Last Thursday, having gorged myself on a hearty (turkey-free, since I’m a vegetarian) meal, I collapsed onto my motorized reclining couch at home and started sinking into a gastronomic coma. With drooping eyelids while trying desperately to stay open to watch the snooze-fest that was the Raiders playing the Cowboys at JerryWorld, my time awake was going to be quite short.
As Thanksgiving approaches and many of us prepare to return home for family gatherings, some may fear that they have nothing to wear for holiday events. But don’t fret quite yet — after this article you’ll know exactly how to trick your family into thinking that your style has improved since you last saw them.
Countless stories remain untold because filmmakers and directors do not have access to the resources or training they need. “Nairobi Half Life,” thankfully, was not one of these stories. The director, producers and actors have created a masterpiece; the film weaves a relatable, human story of ambition and redemption while also commenting on the disparity between the upper and lower classes in Kenya.
The idea of service-learning trips during Stanford’s weeklong Thanksgiving break was originally proposed a couple years ago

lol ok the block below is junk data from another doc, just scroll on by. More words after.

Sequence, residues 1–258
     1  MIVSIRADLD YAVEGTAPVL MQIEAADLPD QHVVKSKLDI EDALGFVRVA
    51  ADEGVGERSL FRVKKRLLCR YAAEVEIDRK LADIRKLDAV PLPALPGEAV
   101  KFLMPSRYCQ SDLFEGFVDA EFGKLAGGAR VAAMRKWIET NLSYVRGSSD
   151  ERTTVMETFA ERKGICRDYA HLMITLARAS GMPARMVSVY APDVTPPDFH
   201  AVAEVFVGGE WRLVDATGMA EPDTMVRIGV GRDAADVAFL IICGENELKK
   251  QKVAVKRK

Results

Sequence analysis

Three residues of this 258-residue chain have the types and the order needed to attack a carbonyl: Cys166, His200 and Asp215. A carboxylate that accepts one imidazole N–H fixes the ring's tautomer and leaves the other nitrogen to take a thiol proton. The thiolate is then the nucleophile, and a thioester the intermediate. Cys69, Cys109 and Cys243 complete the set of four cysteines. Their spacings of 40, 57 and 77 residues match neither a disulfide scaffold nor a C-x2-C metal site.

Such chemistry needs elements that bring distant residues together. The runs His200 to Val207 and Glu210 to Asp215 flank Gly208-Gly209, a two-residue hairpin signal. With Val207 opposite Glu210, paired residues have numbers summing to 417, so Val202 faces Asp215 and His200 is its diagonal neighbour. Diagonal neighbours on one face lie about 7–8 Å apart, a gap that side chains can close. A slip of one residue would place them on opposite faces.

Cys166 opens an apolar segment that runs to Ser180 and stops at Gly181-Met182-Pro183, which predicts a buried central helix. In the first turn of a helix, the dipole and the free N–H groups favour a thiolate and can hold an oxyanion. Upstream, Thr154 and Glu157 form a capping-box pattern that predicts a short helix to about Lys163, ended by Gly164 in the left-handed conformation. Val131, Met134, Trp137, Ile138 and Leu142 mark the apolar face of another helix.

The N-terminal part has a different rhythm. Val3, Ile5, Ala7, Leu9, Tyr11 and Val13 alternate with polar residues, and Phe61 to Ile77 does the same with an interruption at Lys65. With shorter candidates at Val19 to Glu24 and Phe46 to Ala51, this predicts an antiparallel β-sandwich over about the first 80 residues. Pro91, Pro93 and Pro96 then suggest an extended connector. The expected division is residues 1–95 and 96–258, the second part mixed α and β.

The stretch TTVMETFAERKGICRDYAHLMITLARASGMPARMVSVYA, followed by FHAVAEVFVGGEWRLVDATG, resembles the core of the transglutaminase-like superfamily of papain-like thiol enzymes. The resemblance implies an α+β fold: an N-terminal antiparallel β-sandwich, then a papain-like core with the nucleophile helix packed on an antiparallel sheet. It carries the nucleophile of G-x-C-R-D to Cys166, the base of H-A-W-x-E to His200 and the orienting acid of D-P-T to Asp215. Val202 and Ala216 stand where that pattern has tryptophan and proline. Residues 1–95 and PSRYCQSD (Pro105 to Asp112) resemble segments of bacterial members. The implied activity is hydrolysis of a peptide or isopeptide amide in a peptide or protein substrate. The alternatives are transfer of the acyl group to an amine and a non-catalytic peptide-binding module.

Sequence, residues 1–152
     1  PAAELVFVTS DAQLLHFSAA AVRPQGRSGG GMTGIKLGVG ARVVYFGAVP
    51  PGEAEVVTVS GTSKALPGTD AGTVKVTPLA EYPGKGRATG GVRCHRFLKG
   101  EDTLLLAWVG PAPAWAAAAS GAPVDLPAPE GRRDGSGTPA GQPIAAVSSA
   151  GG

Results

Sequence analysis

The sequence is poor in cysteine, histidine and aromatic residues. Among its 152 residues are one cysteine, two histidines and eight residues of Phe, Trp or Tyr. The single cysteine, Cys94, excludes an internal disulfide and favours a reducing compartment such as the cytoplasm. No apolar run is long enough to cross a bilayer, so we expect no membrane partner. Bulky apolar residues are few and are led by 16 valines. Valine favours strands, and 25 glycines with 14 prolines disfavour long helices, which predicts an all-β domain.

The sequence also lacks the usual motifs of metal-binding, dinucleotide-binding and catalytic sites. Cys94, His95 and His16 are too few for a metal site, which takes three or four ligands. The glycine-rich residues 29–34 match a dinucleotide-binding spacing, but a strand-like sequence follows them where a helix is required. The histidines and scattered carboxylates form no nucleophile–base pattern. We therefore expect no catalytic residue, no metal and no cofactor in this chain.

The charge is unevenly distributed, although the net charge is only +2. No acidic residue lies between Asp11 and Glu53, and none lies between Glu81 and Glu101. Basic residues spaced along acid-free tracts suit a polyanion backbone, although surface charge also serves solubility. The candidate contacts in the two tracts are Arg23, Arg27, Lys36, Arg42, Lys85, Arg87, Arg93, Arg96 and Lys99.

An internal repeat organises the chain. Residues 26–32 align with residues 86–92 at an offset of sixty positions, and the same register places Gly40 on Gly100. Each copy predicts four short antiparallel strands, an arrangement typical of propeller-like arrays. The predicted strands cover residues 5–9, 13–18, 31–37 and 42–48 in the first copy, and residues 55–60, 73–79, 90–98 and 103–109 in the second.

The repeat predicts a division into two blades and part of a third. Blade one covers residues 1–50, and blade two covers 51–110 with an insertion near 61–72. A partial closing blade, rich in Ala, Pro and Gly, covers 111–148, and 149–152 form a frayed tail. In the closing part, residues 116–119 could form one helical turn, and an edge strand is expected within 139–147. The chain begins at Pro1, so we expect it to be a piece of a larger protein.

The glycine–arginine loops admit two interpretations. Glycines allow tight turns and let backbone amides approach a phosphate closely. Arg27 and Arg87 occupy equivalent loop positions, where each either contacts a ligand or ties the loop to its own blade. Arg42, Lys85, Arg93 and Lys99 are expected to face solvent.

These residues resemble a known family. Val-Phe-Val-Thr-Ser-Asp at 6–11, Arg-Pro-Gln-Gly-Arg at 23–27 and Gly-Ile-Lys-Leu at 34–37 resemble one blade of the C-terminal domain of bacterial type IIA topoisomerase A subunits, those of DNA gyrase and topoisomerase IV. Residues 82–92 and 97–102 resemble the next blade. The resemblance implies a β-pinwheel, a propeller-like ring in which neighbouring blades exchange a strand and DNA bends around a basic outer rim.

What annoys me, however, is when people ask “So what are you going to do with a Sociology degree?” Within the phrasing and intonation of this question are often a number of subtle assumptions and judgments.
Turkey Day is coming, and with it, the deadline for Obama’s 12-member “Super Committee,” a group of Congress members tasked with carving $1.2 trillion off our national debt.
If the bipartisan group can even reach a deal (so far, they’ve missed their own deadline by at least ten days, flatly refused each others’ proposals and been awfully closed-lipped about possible compromises), it seems like everyone’s going to feel the pinch.
Everyone, that is, who can’t buy his or her way out of it.